Degrowth imaginaries offer alternative ways of envisioning future societies. Those, predominantly working age and working class people, seeking to purposefully enact degrowth in the here and now are termed ‘nowtopians’. Based on empirical work undertaken along the River Adur valley in West Sussex, UK, this paper argues that dynamic examples of nowtopian initiatives can develop from alternative and overlooked demographics, such as rural community elders. Explored through a series of interlinking activist narratives, orientated around collective responses to changing riverbank environments, this paper argues that the genesis of this elder activism is a desire to re-assert agency in older age that can be linked to degrowth sensibilities. Contending with the new realities of living under ‘austerity localism’, many of these elders have undergone a personal, if not political, epiphany and have turned to forms of environmental activism to articulate their agency and demonstrate solidarity with fellow humans across generations. This paper argues that these elder nowtopians champion direct action, conviviality and living well. Ageing and place-connectivity are the motivators which underpin one of the key nowtopian concepts: ‘redefining life’s purpose’. Reflecting back, projecting forward, but operating in the ‘now’, these elders helps us to consider a ‘politics’ of degrowth through grassroots activism along a rural river catchment.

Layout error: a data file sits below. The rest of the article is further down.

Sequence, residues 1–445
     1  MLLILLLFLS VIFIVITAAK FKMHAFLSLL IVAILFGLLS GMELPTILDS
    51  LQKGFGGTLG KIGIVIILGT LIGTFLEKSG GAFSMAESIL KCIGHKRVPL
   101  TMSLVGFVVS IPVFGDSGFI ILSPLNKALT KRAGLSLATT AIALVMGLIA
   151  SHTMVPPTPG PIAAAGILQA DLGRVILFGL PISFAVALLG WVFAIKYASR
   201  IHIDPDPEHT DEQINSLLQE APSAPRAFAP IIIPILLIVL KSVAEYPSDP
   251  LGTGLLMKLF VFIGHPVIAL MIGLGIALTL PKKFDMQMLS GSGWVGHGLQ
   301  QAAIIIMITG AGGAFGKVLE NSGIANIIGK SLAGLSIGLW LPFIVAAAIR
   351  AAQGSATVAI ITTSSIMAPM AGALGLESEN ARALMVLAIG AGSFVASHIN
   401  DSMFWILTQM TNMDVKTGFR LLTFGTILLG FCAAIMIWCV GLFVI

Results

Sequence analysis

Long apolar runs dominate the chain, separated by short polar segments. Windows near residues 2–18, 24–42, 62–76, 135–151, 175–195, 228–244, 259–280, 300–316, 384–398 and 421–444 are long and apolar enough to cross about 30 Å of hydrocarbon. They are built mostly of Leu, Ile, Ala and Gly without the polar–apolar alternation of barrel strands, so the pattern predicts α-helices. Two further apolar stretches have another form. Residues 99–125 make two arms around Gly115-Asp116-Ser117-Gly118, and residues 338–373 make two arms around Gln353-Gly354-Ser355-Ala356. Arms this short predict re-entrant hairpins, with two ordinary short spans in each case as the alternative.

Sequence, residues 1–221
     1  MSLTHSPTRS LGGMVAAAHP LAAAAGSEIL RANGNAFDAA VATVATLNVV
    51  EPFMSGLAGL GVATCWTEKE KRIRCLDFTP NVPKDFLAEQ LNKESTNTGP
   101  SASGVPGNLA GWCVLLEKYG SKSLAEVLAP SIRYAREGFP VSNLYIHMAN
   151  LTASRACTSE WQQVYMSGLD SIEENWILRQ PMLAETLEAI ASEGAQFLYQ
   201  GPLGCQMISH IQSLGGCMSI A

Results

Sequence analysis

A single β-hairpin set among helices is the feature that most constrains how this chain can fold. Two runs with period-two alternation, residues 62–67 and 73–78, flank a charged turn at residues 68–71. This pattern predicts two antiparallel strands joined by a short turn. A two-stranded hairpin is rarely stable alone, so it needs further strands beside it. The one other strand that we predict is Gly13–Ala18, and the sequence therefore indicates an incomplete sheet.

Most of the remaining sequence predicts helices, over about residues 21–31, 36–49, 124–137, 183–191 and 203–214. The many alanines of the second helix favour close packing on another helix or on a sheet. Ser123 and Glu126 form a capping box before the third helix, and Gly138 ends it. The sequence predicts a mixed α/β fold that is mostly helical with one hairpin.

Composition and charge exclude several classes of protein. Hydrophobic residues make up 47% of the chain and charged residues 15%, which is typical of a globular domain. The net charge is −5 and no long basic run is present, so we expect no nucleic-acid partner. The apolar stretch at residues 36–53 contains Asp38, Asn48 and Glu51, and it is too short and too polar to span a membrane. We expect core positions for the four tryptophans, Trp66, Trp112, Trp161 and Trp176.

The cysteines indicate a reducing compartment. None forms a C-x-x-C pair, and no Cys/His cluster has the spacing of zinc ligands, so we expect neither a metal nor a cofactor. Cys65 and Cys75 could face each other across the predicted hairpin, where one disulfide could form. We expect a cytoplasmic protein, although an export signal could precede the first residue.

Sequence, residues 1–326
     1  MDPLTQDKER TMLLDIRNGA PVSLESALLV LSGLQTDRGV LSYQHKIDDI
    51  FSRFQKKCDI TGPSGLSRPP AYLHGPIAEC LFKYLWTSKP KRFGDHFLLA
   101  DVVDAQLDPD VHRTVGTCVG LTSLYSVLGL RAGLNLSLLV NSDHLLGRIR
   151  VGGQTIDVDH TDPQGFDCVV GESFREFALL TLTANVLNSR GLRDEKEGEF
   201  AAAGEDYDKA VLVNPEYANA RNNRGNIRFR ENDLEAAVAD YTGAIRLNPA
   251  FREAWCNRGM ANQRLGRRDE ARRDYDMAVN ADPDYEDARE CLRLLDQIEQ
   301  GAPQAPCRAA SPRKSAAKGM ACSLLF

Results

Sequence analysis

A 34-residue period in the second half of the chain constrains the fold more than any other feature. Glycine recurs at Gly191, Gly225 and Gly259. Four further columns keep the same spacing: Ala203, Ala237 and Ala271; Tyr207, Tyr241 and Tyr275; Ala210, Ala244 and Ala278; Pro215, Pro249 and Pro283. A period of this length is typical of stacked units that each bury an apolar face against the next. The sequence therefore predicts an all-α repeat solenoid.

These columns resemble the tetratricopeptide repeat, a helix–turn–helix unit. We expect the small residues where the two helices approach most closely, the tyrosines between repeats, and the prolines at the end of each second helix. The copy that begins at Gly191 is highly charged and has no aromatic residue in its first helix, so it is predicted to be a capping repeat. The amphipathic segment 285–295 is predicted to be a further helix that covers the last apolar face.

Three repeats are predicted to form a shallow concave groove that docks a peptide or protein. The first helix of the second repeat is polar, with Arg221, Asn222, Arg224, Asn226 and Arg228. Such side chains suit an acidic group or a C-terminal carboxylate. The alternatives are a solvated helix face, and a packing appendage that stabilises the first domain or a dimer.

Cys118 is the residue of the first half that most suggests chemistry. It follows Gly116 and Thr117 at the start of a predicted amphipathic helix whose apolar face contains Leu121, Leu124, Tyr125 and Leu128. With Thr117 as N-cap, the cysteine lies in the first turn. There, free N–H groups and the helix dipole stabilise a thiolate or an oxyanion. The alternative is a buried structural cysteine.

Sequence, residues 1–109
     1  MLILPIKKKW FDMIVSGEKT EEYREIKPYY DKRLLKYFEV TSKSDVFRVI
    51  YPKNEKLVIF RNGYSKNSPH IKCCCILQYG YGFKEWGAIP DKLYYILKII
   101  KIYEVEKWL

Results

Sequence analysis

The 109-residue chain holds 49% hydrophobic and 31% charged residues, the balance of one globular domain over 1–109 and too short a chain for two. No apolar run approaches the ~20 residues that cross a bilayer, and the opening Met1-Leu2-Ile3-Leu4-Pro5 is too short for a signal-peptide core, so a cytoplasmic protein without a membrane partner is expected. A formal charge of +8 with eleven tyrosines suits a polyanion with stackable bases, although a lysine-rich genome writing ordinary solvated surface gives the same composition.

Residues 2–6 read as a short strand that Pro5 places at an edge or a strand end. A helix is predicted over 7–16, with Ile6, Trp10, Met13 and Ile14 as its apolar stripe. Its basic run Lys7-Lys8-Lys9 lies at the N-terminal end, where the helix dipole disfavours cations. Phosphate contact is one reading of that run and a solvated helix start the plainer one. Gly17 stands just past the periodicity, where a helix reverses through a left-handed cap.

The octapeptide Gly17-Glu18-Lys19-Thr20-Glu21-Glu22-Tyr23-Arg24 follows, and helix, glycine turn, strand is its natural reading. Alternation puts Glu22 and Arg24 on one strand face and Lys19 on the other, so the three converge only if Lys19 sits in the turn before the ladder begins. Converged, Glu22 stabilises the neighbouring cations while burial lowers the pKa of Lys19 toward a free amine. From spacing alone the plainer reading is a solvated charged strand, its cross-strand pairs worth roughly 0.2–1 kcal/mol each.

- elder environmental activism
- water resources management